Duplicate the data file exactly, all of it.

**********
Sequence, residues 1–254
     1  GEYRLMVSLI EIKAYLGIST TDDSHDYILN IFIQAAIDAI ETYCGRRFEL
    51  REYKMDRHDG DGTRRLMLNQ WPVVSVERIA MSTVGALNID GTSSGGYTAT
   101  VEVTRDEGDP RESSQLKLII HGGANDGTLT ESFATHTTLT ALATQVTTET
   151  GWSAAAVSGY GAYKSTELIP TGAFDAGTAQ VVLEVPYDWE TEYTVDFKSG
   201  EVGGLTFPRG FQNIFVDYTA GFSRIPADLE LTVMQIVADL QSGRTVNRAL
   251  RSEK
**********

Sequence, residues 1–254
     1  GEYRLMVSLI EIKAYLGIST TDDSHDYILN IFIQAAIDAI ETYCGRRFEL
    51  REYKMDRHDG DGTRRLMLNQ WPVVSVERIA MSTVGALNID GTSSGGYTAT
   101  VEVTRDEGDP RESSQLKLII HGGANDGTLT ESFATHTTLT ALATQVTTET
   151  GWSAAAVSGY GAYKSTELIP TGAFDAGTAQ VVLEVPYDWE TEYTVDFKSG
   201  EVGGLTFPRG FQNIFVDYTA GFSRIPADLE LTVMQIVADL QSGRTVNRAL
   251  RSEK